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Test-Taking Tips and Strategies to Help You Test Best


It’s back to school, which means it’s back to tests. Which also might mean it’s back to being majorly stressed out.

It doesn’t have to be this way. Here are some simple ways to prepare thoroughly for tests — and to stay cool while you’re taking them.


Trying to cram in all your studying the night before a test makes it impossible to master all the material, and it also will make you tired and stressed the day of the test.

Instead, prepare for a test by scheduling study time each day for several days before. Dr. Russell Hyken, a psychologist who focuses on education, says, “This will help you store important information in your memory that you will need on test day. The night before should be a review of information you already know and an opportunity to practice what you have learned.”


Before studying, clear your desk of electronics, games and your phone so you won’t get distracted. Also, make sure you have all the supplies you need to study so you don’t lose focus.

While hitting the books, be sure to build in breaks of a few minutes each here and there. Get a snack, take a bathroom break or play a quick computer game when you feel like your brain is about to explode.


Studying with a parent or friends can help you better understand the material and learn from one another. Putting together a study group before a test can be a great way to review what you have learned by splitting up the material into more manageable chunks.

Have every person or pair take some of the material and make a study sheet, come up with questions to quiz the group or make flash cards. Pick your study group members carefully: If you think someone won’t do their share of the work or will just goof off, they probably aren’t a good person to include.

Keep the group small — the larger a group is, the more confusion and distractions are possible. Have everyone take turns as the group leader, assigning material and making sure the conversation stays on what is being studied.


Have your sharpened pencils and other materials in your bag ready to go the night before the test. Don’t underestimate the importance of getting a good night’s sleep and then eating a healthy breakfast the next morning. This way, both your mind and body are fully prepared.

Also, studying all the way up until test time may only create more anxiety. Stop studying an hour beforehand. If you don’t know the material by then, it’s not likely you will learn it by studying until the very last second.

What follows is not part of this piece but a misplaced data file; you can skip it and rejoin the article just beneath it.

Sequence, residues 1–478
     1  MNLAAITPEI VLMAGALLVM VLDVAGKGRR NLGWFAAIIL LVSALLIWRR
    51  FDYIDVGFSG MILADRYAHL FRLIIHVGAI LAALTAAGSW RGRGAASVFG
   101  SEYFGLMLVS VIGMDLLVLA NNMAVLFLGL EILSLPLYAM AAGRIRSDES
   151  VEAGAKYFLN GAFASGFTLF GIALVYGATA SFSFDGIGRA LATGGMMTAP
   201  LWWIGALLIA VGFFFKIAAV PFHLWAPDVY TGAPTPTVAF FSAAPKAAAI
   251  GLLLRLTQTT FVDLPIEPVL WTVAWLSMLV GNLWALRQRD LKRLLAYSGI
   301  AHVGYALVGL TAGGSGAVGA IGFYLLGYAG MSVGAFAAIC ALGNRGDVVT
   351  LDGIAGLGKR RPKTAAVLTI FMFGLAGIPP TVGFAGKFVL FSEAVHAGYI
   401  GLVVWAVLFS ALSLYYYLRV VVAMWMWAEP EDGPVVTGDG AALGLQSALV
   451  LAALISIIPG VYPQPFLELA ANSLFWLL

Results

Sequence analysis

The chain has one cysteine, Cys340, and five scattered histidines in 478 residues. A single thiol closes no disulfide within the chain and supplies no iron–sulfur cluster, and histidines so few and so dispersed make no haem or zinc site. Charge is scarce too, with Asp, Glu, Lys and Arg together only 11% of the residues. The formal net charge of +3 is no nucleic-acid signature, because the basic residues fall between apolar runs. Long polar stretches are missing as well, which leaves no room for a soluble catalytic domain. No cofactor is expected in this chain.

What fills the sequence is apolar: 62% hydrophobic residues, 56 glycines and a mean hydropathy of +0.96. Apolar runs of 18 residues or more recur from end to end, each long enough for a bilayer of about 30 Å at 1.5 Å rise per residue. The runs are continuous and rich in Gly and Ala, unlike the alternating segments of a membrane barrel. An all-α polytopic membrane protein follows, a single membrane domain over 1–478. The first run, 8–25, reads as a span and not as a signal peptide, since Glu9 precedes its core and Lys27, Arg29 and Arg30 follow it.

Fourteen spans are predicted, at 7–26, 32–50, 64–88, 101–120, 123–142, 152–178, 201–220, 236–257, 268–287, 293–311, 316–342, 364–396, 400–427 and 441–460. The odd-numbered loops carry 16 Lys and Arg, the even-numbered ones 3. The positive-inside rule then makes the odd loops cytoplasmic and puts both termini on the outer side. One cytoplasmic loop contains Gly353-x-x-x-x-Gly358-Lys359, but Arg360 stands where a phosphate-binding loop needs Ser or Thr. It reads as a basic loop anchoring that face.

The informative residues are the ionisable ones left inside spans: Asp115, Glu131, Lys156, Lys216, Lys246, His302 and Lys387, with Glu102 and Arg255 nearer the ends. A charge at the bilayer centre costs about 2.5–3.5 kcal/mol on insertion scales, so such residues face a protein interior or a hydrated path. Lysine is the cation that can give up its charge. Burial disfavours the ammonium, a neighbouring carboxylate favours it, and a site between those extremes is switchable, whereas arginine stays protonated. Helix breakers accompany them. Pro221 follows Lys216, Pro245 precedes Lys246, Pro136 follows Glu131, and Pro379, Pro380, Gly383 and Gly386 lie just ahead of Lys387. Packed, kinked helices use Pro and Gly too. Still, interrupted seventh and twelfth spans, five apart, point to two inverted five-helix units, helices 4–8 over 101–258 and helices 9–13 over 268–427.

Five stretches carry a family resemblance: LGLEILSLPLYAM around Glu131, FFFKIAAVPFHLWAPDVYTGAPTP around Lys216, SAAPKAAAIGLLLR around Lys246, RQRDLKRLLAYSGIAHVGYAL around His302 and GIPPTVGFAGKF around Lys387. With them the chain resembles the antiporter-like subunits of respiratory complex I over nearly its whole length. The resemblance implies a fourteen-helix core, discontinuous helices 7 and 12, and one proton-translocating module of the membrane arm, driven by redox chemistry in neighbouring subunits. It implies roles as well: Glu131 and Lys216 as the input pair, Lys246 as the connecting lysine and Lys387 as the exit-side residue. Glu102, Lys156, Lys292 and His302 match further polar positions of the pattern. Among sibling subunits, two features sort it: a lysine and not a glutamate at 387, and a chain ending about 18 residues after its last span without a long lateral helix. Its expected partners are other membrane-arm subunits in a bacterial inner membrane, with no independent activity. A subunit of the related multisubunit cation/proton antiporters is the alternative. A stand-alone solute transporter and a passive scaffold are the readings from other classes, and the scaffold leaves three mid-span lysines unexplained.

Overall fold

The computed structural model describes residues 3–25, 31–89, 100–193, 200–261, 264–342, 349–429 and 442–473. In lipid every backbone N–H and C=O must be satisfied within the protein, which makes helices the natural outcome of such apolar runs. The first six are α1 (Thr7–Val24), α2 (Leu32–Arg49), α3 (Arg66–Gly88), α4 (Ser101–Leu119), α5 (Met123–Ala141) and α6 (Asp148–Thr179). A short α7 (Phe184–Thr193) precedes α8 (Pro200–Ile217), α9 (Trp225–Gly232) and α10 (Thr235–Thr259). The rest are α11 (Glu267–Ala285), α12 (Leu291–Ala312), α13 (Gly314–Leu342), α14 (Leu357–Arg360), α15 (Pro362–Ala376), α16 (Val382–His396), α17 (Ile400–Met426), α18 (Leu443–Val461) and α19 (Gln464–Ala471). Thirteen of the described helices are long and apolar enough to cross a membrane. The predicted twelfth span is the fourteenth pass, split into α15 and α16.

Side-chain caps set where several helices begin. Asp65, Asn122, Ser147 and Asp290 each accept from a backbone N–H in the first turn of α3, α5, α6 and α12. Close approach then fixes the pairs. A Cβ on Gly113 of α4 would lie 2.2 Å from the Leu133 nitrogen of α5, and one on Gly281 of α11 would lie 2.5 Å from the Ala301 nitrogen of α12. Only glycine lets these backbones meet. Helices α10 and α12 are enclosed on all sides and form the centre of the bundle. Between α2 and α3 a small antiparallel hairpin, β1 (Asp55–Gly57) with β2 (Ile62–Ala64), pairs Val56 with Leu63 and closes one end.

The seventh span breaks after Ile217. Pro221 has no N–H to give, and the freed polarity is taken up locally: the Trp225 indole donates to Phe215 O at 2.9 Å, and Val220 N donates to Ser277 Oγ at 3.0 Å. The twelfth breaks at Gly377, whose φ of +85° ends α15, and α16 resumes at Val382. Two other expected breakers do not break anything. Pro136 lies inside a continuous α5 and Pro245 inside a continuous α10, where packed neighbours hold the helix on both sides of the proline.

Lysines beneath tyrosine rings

• Right away, jot down important tables, formulas and definitions on the back of the test. This is especially important on math tests.

• Read over the entire test when you first get it, answering the easiest questions first. While doing this, take the opportunity to notice if any questions give hints for other test answers.

• After your pre-read and when you begin working on the test from the beginning, focus on only one question at a time. Read each question and any instructions carefully!

• For multiple-choice questions, “read the question and answer it on your own before looking at the provided responses. That way, you won’t be as distracted by answers that are close but not quite right,” Hyken advises.

• When you get to essay questions, outline a few key points in the margin to keep you focused while you are writing.

• If you start to feel stressed, remember to breathe deeply. Tensing and relaxing your muscles can also help you relax.

• Partial credit is better than no credit at all. If you’re unsure about an answer, it usually doesn’t hurt to give your best guess.

3 Comments on Test-Taking Tips and Strategies to Help You Test Best

  1. ThankfukScout // December 27, 2019 at 12:03 pm // Reply

    Thank you so much. Helped me a lot, got me organiZed for the year.

  2. #scoutsrule // August 16, 2018 at 6:48 pm // Reply

    I have never been good at Math and on my final I got a 74 overall average for the year and this article helped me so much. This is possibly one of the best articles on Boys-life

  3. There is not enough emphasis on these techniques in school. They are helpful at all levels, from elementary to college and beyond. Great article.

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